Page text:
Monahan deliberately puts a damper on what she calls Pippin’s “personality.” She is certainly right to believe that biographical details can lend themselves to a sense of him as an innocent charmer rather than a “subject.” She goes overboard, though, in maintaining that the Pippin we have heard about from people who knew him, whether black or white, adds up to little. Yes, she says, he was “genial, quiet, funny, serious, dignified, naïve, thoughtful, frugal, spendthrift, a heavy drinker,” but after all, she goes on, he “may have been ‘code switching’ for diverse audiences.”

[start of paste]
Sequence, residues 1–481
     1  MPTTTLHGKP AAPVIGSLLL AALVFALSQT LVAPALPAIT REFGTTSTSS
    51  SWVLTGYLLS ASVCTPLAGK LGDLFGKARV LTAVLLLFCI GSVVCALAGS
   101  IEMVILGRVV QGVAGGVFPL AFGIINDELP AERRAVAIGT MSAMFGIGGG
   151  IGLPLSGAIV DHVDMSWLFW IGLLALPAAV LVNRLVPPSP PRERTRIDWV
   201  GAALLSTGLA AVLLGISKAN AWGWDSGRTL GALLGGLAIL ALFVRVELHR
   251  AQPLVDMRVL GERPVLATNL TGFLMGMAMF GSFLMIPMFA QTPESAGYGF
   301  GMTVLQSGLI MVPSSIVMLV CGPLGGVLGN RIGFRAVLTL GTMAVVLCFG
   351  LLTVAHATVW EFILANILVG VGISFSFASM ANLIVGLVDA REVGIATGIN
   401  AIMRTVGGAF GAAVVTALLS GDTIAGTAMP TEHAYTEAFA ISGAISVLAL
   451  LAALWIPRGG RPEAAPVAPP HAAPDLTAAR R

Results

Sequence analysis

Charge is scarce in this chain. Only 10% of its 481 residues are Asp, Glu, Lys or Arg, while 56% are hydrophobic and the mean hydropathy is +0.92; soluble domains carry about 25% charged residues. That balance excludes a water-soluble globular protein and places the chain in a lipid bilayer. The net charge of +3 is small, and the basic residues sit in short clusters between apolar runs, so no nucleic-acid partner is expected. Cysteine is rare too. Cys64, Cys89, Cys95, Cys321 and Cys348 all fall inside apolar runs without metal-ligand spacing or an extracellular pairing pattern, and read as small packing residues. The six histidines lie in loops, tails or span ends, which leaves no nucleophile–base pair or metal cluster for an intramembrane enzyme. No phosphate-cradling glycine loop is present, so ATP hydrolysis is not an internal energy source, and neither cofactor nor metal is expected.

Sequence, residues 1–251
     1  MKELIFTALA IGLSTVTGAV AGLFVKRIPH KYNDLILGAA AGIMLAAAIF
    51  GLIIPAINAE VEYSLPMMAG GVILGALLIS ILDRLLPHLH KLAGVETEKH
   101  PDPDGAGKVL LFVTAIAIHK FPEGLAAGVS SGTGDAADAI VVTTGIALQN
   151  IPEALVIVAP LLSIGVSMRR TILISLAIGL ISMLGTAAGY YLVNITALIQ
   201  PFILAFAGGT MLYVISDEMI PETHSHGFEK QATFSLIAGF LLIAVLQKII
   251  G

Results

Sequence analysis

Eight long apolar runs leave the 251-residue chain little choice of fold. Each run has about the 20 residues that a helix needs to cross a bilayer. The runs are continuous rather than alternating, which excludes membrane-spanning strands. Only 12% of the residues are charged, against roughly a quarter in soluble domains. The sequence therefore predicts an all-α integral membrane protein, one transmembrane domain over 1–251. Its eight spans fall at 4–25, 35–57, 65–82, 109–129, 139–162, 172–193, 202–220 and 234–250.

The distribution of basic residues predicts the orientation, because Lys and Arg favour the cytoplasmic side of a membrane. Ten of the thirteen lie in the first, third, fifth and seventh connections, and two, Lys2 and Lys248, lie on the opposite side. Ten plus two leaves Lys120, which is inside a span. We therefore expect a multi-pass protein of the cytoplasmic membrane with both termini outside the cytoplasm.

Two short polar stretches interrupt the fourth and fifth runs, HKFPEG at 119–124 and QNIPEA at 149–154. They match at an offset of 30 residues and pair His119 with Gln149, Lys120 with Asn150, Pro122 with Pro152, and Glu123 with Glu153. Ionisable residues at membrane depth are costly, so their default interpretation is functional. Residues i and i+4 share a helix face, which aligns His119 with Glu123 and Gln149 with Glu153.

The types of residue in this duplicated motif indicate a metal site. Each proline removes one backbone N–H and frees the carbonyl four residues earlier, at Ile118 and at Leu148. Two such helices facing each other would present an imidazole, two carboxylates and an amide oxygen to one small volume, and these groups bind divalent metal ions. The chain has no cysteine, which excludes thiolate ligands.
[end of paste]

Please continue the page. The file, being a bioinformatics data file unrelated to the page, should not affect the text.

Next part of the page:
The Pippin one encounters in stories and anecdotes, however, and in his notes about his days in France in 1918, does not come across as an emotional chameleon. He is, on the contrary, a more grounded and convincing version of the canny pro that Monahan tries to create. Romare Bearden wrote that the one time he met Pippin he was struck most by how “self-possessed” he was, and this is the note that colors Pippin’s level-headed if brief descriptions of his wartime experiences. Self-assurance is what we hear in the anecdotes about him—as when, talking with his friend Edward Loper, who was black and a painter, he remarked, “Ed, you know why I’m great?” and proceeded to tell him. Or when, looking at Matisse’s palette at the Barnes Foundation, he said, according to Selden Rodman, his first biographer, “That man puts the red in the wrong place.” Fearlessness certainly lies behind the way he was continually stretching himself.